Kielder Water is a wild and beautiful place, rich in folk music and legend.
Years ago, before a great dam was built to fill the valley with water, there were farms and homesteads in that valley and musicians who livened their rooms with song.
After the village was abandoned and before the waters rushed in, a father and daughter returned there. The girl began to play her fiddle, bringing her tune to one empty house after another — for this was the last time that music would be heard in that place.
With exquisite artwork by Levi Pinfold, David Almond’s lyrical narrative – inspired by a true tale – pays homage to his friends Mike and Kathryn Tickell and all the musicians of Northumberland, to show that music is ancient and unstoppable, and that dams and lakes cannot overwhelm it.
"With its every detail – its masterful illustrations, its landscape format, and the elegant text that offers readers a way to see the promise of new life from what has been destroyed – this book triumphs."
Kirkus Reviews (USA)
"With riveting language and moody art, this true story will evoke awe and reverence of place for even very young readers."
Publishers Weekly (USA)
" a poignant collaboration between David Almond and illustrator Levi Pinfold, filled with wordless landscapes and harmonies heard deep in the reader’s mind…"
"Perhaps the most extraordinarily lovely and melancholy picture book published this year.."
"This stunning, wild and atmospheric picture book by two giants of children’s literature tells the true story of a musician father and his daughter who, before the community is lost, enter each house in the valley and play music, sing and dance in each one, so that they will always contain music – and magic.."
The Dam, illustrated by Levi Pinfold, was published on 11th September 2018.
"The day is long, the world is wide, you’re young and free."
One hot summer morning, Davie steps boldly out of his front door. The world he enters is very familiar – the little Tyneside town that has always been his home – but as the day passes, it becomes ever more mysterious.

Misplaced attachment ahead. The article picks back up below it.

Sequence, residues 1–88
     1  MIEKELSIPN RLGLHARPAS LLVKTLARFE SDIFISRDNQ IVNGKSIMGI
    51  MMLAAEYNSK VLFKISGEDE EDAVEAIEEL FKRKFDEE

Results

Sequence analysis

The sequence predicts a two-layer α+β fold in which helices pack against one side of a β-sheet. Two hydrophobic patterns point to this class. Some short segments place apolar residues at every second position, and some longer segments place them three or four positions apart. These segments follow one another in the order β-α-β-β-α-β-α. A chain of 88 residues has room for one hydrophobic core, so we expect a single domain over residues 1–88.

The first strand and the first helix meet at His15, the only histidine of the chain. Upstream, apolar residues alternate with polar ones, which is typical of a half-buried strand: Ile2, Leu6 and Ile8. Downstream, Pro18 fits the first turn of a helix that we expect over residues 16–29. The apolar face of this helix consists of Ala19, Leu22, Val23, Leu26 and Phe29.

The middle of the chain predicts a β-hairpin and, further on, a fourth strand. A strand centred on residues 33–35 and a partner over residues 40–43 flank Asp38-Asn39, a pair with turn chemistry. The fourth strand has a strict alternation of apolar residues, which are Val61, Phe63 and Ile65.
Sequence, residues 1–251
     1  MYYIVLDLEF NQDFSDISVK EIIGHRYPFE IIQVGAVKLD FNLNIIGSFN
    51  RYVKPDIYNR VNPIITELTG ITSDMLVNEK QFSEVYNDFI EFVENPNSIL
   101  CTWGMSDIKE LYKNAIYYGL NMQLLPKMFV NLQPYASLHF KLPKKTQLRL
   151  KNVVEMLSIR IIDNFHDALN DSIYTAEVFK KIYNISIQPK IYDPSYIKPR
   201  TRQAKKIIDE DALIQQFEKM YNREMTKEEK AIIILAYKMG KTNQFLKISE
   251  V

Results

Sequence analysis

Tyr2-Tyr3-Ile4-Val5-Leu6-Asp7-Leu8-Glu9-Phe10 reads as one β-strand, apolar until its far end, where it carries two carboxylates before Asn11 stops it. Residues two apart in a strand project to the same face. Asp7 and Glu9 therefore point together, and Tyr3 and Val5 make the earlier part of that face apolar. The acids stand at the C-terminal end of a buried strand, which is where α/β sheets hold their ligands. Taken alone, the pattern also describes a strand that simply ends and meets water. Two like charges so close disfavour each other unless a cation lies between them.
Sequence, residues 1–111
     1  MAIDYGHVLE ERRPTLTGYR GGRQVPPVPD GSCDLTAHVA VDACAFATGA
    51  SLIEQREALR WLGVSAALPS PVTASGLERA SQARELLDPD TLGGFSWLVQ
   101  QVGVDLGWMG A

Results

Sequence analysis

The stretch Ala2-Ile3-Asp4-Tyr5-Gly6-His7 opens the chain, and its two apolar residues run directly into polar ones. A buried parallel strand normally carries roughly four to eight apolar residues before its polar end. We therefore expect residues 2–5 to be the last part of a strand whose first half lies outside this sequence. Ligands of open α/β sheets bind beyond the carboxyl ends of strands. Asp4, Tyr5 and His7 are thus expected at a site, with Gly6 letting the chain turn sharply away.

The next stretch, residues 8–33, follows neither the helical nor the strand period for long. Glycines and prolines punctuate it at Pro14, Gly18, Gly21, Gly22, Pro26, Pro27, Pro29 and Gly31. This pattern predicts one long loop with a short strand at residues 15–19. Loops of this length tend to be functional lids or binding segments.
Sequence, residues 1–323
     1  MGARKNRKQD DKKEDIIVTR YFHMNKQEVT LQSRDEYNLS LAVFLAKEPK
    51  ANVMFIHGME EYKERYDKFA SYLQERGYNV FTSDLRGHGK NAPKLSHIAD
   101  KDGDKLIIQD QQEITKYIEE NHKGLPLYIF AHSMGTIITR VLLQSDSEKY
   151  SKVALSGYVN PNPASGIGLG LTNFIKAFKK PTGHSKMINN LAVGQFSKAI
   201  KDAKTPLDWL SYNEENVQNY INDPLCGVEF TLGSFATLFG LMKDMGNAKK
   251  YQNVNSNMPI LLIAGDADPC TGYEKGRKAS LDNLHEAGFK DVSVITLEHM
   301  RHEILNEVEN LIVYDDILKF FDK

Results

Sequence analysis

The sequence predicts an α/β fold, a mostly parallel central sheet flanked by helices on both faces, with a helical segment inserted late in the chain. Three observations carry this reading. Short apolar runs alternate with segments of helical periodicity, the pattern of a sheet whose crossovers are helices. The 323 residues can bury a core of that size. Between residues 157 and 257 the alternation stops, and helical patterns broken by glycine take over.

A boy has been killed, and Davie thinks he might know who is responsible. He turns away from the gossip and excitement and sets off roaming towards the sunlit hills above the town.
As the day goes on, the real and the imaginary start to merge, and Davie knows that neither he nor his world will ever be the same again.
This an outstanding novel full of warmth and light, from a multi-award-winning author. David Almond says: "I guess it embodies my constant astonishment at being alive in this beautiful, weird, extraordinary world."
"The Colour of the Sun, told in a trance-like present tense, remans brilliantly suspenseful until the end. …[David Almond] is that rare thing – a writer of lucid, mature elegance, who can still see the world through adolescent eyes."
Emily Bearn, The Daily Telegraph
"Oh, bliddy hell. I don’t know what to say! This is the thing with David Almond. You could spend a year picking tiny little details from his stories so that you can highlight how magical they are. Or you could write about the achingly beautiful way he connects our inner selves with the material world so that what he is writing could be a dream, an event, or both. But whatever you do, it feels as though a review takes away all the magic. I say it often but it’s never so true as when I’m saying it about a book by Almond – you really do have to read it for yourself to understand – …"
Jill Murphy, The Bookbag
Published by Hodder Children’s Books: publication date 3rd May 2018.
Bert and Betty Brown have got themselves a little angel.
Bert found him in his top pocket when he was driving his bus. Bert and Betty’s friends think he’s lovely. So do Nancy and Jack and Alice from Class 5K. What a wonder!
But Acting Head Teacher Mrs Mole is not so sure. Nor is Professor Smellie. Or the mysterious bloke in black who claims to be a School Inspector.
Then there’s Basher Malone – big, lumbering Basher Malone. He REALLY doesn’t like Angelino. And it looks like he’s out to get him…
It is published by Walker Books.
Sixteen-year old Louise travels with her father to the island of Lindisfarne every year ever since she can remember – it’s the place Louise’s mother loved best of all.The arrival of Hassan from war-torn Syria changes everything. Louise is restless and yearning for independence, and the fiercely free and self-reliant Hassan fascinates her. He seems to know the island from long ago as if it were his home from birth. Hassan is an acrobat, maybe a sorcerer, possibly a source of great danger. The wild gang of boys who call the island their home want to cast him out.
The forces of love, death and hope move Louise and Hassan towards a deeper understanding of themselves and their place in a world that is both cruel and compassionate. Lindisfarne will change their lives forever.
Island is a hopeful and moving coming-of-age story set on the island of Lindisfarne; it was first published for World Book Day 2017.
Liam just wants to go out running with his mates–the Junior Great North Run is not far away, and there’s training to be done. But Mam needs him today, to help old Harry clear out his house. And Harry knows a thing or two about running. When he was a lad, he says, he ran from Newcastle to South Shields. “But Harry,” says Mam, “it’s thirteen miles!” Harry grins. “Different days,” he says. Here is the story of that day: of sweltering heat, clattering boots, briny sea air, and the heavenly taste of ice cream; the day when Harry and his pals ran and ran and ran through the blazing sunlight all the way to the sea.
Harry Miller’s Run was first published in February 2017.